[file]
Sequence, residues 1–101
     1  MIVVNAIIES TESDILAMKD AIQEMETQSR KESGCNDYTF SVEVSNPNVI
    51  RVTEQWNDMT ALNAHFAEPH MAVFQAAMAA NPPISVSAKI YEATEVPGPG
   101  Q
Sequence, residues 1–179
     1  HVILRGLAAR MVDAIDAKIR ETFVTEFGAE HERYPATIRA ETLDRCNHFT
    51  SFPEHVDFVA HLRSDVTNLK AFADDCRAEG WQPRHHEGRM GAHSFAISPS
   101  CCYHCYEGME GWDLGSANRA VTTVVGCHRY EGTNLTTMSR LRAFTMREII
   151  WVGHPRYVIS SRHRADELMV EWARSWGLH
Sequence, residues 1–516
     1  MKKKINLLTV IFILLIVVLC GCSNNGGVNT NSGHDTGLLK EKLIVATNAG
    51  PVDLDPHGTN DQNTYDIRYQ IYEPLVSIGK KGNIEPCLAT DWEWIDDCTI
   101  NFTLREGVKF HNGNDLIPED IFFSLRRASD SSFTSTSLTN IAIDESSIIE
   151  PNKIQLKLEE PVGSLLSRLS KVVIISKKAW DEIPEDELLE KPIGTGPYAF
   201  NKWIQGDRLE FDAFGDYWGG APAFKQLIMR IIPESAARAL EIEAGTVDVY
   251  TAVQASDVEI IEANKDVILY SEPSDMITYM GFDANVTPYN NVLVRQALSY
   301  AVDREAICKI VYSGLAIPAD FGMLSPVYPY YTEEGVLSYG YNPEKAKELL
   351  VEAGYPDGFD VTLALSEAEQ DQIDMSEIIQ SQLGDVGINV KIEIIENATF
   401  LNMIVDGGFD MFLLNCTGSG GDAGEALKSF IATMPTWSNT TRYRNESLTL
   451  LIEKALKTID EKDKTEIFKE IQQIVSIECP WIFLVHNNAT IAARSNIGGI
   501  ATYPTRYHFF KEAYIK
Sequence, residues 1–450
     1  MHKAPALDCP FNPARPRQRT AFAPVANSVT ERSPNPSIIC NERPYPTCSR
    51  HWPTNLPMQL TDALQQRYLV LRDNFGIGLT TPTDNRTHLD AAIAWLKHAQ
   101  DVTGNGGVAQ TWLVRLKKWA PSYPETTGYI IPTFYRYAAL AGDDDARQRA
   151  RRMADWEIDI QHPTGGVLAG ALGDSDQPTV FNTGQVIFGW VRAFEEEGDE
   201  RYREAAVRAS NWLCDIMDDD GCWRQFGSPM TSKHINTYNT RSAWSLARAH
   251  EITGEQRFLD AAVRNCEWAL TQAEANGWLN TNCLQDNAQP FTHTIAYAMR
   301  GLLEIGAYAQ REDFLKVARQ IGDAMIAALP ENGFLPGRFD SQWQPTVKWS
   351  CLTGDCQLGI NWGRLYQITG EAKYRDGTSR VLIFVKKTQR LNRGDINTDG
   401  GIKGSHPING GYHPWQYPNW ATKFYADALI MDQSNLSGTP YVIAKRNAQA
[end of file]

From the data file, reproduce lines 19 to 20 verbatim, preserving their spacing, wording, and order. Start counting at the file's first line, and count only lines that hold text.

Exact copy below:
   401  LNMIVDGGFD MFLLNCTGSG GDAGEALKSF IATMPTWSNT TRYRNESLTL
   451  LIEKALKTID EKDKTEIFKE IQQIVSIECP WIFLVHNNAT IAARSNIGGI